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Wild Boar on the menu

post #1 of 12
Thread Starter 

I have noticed a lot of trendy restaurants have "wild boar" on the menu these days.  I have considerable experience dealing with feral hogs of all sizes and genders. While I am of the opinion that wild sows of any size are fantastic on the table, I condider the boars to be virtually inedible. Even young boars have that distinct musky odor that, to me, renders them unfit for the table. 

 

When you see "wild boar" on the menu at a restaurant, what are you actually getting?  I will say that one of the best feral hog meals I ever prepared came from a barrow, which is a castrated boar, of around 250 pounds. Is that the product restaurants are serving?

 

Do any of the food professionals on Chef Talk offer this in their restaurants, and, if so, how do you prepare it? 

 

post #2 of 12

Good question, OldPro.

 

The only true wild boar in the U.S. are found in western North Carolina. The rest are, as you note, feral hogs. Parts of Florida and Texas, in particular, are covered up with them. But they're found in many states.

 

The "wild boar" used to stock hunting clubs are the same feral hogs, which are live trapped (primarily in Florida) and transported to the site for release.

 

As an aside, there is more BS written and spoken about wild boar hunting than any other outdoor subject I can think of. If I hear one more story about climbing a tree to escape a charging boar I'm gonna go in the corner and spit up. Puleeez!

 

Probably if you contact somebody like D'Artagnon they can fill you in on the sourcing.

They have taken the oath of the brother in blood, in leavened bread and salt. Rudyard Kipling
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They have taken the oath of the brother in blood, in leavened bread and salt. Rudyard Kipling
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post #3 of 12
post #4 of 12
Thread Starter 
Quote:
Originally Posted by KYHeirloomer View Post

Good question, OldPro.

 

The only true wild boar in the U.S. are found in western North Carolina. The rest are, as you note, feral hogs. Parts of Florida and Texas, in particular, are covered up with them. But they're found in many states.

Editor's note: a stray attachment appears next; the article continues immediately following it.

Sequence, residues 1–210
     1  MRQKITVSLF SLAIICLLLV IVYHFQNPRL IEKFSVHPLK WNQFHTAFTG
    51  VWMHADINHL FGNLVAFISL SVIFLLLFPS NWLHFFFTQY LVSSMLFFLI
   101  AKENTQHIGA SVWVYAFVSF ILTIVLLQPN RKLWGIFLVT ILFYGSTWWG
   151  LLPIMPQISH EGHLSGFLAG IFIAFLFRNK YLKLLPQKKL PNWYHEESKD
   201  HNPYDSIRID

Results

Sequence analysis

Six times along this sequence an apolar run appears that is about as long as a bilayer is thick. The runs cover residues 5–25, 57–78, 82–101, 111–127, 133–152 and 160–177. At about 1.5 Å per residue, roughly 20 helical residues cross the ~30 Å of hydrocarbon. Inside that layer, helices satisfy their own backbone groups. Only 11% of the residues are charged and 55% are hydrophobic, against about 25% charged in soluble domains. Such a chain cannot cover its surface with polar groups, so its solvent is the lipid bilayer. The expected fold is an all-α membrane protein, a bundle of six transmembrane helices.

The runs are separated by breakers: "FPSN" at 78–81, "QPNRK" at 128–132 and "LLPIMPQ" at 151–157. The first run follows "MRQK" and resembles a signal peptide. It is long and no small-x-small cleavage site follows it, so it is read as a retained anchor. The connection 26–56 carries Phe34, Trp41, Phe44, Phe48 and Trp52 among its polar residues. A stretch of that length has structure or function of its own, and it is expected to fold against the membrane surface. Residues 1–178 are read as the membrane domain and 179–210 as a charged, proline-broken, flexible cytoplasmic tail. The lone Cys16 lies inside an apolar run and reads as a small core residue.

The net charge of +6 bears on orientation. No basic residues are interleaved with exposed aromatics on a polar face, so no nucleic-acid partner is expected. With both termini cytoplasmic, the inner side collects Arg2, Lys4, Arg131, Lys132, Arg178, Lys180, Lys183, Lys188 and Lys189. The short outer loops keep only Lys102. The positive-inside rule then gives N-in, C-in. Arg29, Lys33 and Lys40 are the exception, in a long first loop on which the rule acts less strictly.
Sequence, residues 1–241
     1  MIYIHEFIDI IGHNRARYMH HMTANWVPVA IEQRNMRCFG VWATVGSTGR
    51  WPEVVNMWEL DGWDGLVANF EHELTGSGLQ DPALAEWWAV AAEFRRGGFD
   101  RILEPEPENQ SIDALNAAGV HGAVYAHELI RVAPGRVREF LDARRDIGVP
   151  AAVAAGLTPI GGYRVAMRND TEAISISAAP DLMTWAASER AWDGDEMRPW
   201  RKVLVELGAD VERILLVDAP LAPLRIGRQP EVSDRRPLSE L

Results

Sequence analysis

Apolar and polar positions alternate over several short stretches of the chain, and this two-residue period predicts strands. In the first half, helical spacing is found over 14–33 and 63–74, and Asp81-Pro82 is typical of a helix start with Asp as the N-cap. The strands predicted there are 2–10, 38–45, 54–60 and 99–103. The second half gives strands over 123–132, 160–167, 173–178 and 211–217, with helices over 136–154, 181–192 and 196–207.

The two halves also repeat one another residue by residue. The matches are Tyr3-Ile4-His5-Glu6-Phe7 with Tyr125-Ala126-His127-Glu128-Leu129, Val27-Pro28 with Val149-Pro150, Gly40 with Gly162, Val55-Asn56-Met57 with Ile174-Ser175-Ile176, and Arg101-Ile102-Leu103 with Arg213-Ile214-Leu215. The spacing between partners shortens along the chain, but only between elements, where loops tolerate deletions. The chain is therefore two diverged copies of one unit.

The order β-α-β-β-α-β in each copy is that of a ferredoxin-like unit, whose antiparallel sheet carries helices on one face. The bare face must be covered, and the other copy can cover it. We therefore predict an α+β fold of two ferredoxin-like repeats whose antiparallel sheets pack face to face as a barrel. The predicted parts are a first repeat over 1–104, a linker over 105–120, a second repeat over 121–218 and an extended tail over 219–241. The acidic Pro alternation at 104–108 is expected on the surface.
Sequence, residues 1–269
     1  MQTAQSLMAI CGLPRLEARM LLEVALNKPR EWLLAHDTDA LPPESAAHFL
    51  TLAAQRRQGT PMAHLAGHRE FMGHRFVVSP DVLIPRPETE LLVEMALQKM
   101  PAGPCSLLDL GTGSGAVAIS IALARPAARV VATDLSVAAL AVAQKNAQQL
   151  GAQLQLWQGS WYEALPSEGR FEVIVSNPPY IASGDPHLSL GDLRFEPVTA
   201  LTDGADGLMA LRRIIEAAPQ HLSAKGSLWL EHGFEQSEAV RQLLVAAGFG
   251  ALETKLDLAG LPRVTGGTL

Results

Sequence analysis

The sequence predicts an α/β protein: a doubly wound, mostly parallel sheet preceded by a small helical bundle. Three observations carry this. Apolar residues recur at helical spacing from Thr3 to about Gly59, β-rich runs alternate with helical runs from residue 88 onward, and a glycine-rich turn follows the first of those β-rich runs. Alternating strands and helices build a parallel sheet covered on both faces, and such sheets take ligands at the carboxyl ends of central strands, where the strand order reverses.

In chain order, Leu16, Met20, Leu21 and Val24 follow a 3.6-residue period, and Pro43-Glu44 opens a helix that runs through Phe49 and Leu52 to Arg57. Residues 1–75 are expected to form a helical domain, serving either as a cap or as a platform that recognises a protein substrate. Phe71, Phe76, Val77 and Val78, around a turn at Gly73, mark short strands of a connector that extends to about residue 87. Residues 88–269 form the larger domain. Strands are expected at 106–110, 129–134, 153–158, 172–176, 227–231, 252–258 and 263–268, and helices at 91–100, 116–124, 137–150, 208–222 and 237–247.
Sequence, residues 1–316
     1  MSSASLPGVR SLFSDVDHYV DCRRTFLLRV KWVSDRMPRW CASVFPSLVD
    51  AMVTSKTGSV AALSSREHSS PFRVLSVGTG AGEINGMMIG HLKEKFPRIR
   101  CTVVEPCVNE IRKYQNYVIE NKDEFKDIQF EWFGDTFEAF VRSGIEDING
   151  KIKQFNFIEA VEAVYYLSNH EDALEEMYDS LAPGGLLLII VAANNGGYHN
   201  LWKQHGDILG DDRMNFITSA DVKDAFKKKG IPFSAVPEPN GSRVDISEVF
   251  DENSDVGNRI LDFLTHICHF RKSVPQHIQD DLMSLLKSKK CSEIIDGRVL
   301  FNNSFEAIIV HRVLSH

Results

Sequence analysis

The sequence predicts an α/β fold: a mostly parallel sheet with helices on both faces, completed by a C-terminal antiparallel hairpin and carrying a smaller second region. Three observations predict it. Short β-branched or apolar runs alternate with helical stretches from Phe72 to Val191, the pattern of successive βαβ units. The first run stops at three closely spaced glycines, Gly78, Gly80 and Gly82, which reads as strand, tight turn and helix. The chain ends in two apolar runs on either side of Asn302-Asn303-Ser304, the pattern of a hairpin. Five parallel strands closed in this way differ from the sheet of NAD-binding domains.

The "wild boar" used to stock hunting clubs are the same feral hogs, which are live trapped (primarily in Florida) and transported to the site for release.

 

As an aside, there is more BS written and spoken about wild boar hunting than any other outdoor subject I can think of. If I hear one more story about climbing a tree to escape a charging boar I'm gonna go in the corner and spit up. Puleeez!

 

Probably if you contact somebody like D'Artagnon they can fill you in on the sourcing.

I've been told that many years ago some Russian boars (and sows) were imported by a rancher in South Texas to stock his ranch to hunt them.  Big mistake on his part.  Through the years they interbred with feral hogs to produce the hog population which has exploded all over Texas.

They are not particularly dangerous game unless you're a dog, but they will tear a dog up.

 

I called D'Artagnan customer service, but they weren't particularly helpful.  Their "wild boar" product comes from a Texas ranch, where they are trapped, penned, and slaughtered.  I suspect they feed them a corn mash for a couple of weeks before buchering, which is a fairly common practice.  I would be surprised if the meat isn't from sows. 

 

post #5 of 12

Good article on a wild boar farm here in Minnesota: http://www.startribune.com/lifestyle/taste/112902719.html 

 

Heartland (the Lenny Russo restaurant they mention) currently has a wild boar cassoulet on the menu. It's one of the best things I've ever eaten.

Anulos qui animum ostendunt omnes gestemus!
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Anulos qui animum ostendunt omnes gestemus!
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post #6 of 12

Nice article, Greg. Thanks for posting it.

 

I was particularly impressed with Lloydie. He's a monster, alright. Typically, wild boar (usually called either Wild Russian or Wild European) average about 225 for the males and slightly smaller for the females.

 

Not your typical Poland-China. thumb.gif